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Showing 1-14 of 14 results found

Dual Specific Anti-CD22 Anti-CD19 Bicistronic Chimeric Antigen Receptors (CARs)

Inventors at the National Cancer Institute (NCI) have developed chimeric antigen receptors (CARs) that target two B cell surface antigens, CD19 and CD22, improving treatment of B-cell malignancies, such as acute lymphoblastic leukemia (ALL). NCI is actively seeking parties interested in licensing this invention to commercialize the bicistronic CAR construct targeting CD19 and CD22 for immunotherapy.

SLCO1B3 Genotyping to Predict a Survival Prognosis of Prostate Cancer

This invention identifies two polymorphic genetic markers in the SLCO1B3 (formerly SLC21A8) gene, called 334T>G and 699G>A, that can be measured in genomic DNA obtained from a blood sample to predict survival from diagnosis of prostate cancer in that individual patient.

Non-invasive diagnostic and prognostic assay for early stage lung cancer

NCI scientists developed a method that uses urine samples to detect early-stage cancers and that could supplement low-dose computed tomography (LD-CT) for early-stage cancer detection, and significantly decrease expensive false negative/false positive results. The NCI seeks co-developers or licensees to commercialize this technology.

Clinical Outcome Predictors for Mantle Cell Lymphoma

The invention is a novel methodology for predicting a mantle cell lymphoma (MCL) cancer patient’s survival prognosis. This information is important in helping determine the best course of treatment for the patient.

T Cell Receptors Targeting KRAS Mutants for Cancer Immunotherapy/Adoptive Cell Therapy

Researchers at the National Institutes of Health identified a collection of TCRs that exclusively recognize the common hotspot driver mutations in KRAS antigen, expressed by a variety of epithelial cancers, including pancreatic, colorectal and lung cancer. The mutated KRAS variants are recognized by the TCRs in the context of specific Class I/Class II HLA alleles. These TCRs can be used for a variety of experimental therapeutic, diagnostic and research applications.

Diagnostic Assay for Determining Patient Response to Apoptosis-related Cancer Therapy

Researchers at the National Cancer Institute (NCI) developed a multiplex assay to determine the efficacy of apoptosis-related drugs targeting the Bcl2 family of proteins or aid in the selection of cancer patients likely to respond. The NCI seeks partners for co-development or licensees for commercialization of novel immunoassays for determining or predicting patient response to cancer therapy.

T-Cell Therapy Against Patient-Specific Cancer Mutations

Scientists at the National Cancer Institute developed a method to identify T cells that specifically recognize immunogenic mutations expressed only by cancer cells. NCI seeks parties interested in collaborative research to co-develop or license T-cell therapy against cancer mutations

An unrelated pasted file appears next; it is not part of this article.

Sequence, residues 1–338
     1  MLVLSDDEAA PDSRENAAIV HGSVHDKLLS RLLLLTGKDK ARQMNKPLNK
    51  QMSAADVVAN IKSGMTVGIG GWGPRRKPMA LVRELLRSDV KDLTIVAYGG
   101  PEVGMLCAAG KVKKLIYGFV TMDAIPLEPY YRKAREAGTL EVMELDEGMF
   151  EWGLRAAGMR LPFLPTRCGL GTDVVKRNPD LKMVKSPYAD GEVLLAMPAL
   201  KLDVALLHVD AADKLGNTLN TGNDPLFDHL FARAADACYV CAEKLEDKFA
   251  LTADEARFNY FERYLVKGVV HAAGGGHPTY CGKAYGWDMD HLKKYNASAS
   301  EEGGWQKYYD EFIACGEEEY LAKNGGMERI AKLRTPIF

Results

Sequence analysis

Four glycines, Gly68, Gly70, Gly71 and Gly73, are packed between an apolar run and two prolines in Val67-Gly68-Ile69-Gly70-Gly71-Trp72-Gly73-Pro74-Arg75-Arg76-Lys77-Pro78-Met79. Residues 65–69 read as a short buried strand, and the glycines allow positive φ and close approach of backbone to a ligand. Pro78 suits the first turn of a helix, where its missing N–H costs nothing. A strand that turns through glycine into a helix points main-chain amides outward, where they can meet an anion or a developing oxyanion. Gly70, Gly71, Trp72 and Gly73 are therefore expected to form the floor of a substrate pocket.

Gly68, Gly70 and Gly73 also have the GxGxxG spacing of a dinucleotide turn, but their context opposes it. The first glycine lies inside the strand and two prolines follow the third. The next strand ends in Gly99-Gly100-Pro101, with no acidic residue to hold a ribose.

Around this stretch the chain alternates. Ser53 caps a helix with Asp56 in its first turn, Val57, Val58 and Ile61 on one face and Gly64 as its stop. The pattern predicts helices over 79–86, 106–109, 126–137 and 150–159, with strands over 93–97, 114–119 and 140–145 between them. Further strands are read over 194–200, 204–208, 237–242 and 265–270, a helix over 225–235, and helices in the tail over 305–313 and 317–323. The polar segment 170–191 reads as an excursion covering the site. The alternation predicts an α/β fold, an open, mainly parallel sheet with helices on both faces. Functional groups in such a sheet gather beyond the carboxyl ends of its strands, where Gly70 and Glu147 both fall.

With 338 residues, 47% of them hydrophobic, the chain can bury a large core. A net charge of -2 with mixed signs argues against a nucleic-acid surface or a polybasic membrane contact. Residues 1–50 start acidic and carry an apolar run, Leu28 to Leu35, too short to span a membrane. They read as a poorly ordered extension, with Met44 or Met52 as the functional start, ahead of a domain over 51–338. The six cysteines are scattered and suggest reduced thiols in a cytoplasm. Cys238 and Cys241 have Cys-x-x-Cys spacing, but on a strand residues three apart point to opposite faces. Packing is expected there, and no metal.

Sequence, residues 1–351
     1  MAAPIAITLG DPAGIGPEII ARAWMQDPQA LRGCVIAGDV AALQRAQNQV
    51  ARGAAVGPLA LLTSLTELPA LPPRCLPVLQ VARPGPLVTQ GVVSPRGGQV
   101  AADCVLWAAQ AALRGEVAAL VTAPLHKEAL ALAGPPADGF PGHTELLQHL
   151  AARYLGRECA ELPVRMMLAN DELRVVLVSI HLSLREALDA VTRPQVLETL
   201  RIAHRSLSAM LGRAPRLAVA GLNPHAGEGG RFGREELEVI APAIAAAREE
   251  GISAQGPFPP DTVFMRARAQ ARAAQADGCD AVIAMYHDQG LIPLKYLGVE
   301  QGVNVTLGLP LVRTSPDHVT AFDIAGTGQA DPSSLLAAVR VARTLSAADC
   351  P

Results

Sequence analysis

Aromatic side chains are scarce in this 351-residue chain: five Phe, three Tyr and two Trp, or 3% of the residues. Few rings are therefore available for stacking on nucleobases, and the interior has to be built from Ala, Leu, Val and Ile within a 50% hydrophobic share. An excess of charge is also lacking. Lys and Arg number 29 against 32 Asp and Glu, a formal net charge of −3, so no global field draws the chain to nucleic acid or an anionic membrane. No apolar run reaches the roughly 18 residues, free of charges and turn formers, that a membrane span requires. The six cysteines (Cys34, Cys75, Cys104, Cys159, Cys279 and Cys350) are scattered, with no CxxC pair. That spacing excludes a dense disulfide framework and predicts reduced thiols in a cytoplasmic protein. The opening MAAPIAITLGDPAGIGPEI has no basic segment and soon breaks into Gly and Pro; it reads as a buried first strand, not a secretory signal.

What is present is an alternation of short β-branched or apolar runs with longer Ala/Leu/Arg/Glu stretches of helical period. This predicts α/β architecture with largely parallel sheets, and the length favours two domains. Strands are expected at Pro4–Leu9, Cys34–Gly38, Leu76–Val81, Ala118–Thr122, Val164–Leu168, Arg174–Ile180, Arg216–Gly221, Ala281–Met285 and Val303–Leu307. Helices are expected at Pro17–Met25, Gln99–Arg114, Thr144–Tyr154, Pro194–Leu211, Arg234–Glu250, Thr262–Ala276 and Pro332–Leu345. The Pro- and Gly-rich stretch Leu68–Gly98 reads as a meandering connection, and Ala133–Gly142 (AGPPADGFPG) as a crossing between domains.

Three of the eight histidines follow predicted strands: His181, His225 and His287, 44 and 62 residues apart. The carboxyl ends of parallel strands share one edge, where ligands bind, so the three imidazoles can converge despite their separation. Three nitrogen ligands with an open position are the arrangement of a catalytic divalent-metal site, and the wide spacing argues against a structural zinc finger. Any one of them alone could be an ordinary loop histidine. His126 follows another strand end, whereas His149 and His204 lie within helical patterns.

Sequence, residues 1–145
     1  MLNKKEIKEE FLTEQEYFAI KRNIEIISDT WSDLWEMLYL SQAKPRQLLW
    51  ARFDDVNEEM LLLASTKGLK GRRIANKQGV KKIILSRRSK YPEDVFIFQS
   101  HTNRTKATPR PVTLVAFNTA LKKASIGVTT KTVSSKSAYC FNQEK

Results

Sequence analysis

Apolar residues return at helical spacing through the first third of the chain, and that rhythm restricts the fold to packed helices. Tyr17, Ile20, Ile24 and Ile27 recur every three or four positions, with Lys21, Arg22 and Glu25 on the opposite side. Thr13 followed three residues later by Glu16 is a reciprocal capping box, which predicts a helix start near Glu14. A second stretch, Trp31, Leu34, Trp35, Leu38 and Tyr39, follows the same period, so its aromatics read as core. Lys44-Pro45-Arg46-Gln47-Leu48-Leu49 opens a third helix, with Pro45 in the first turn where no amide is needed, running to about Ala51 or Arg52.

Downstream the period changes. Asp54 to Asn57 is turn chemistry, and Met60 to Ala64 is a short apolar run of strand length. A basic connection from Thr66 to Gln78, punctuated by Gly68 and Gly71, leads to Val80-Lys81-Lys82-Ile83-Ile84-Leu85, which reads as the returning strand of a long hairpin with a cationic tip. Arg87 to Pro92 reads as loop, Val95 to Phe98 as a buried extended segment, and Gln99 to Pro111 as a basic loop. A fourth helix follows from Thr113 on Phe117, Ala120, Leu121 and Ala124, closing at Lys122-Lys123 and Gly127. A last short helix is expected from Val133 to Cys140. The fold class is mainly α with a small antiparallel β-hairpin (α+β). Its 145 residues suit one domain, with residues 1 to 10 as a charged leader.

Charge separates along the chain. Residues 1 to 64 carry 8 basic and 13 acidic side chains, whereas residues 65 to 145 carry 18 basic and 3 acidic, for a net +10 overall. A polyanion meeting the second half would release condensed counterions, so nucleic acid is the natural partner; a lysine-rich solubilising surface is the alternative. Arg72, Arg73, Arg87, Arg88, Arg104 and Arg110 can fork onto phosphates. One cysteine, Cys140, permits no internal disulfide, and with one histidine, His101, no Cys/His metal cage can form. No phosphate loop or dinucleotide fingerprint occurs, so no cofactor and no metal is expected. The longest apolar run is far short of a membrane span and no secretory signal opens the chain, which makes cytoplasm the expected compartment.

T-Cell Therapy Against Patient-Specific Cancer Mutations

Scientists at the National Cancer Institute's Surgery Branch developed a method to identify T cells that specifically recognize immunogenic mutations expressed only by cancer cells. The NCI seeks parties interested in collaborative research to co-develop or license T-cell therapy against cancer mutations.

T Cell Receptors Targeting p53 Mutations for Cancer Immunotherapy and Adoptive Cell Therapy

Researchers at the National Cancer Institute identified a collection of TCRs that exclusively recognize the common hotspot driver mutations in p53 tumor suppressor, expressed by a variety of human cancers, including colorectal, breast and lung cancers. The mutated p53 variants are recognized by the TCRs in the context of specific Class I/Class II HLA alleles. These TCRs can be used for a variety of experimental therapeutic, diagnostic and research applications.'

Methods of analyzing virus-derived therapeutics

Researchers at the National Cancer Institute’s Biopharmaceutical Development Program recently developed massively parallel sequencing methods for virus-derived therapeutics such as viral vaccines and oncolytic immunotherapies, for which the NCI seeks licensees or co-development collaborations.

Oligonucleotide Production Process

This technology provides improved processes for production and purification of nucleic acid-containing compositions, such as non-naturally occurring viruses, for example, recombinant polioviruses that can be employed as oncolytic agents. Some of the improved processes relate to improved processes for producing viral DNA template.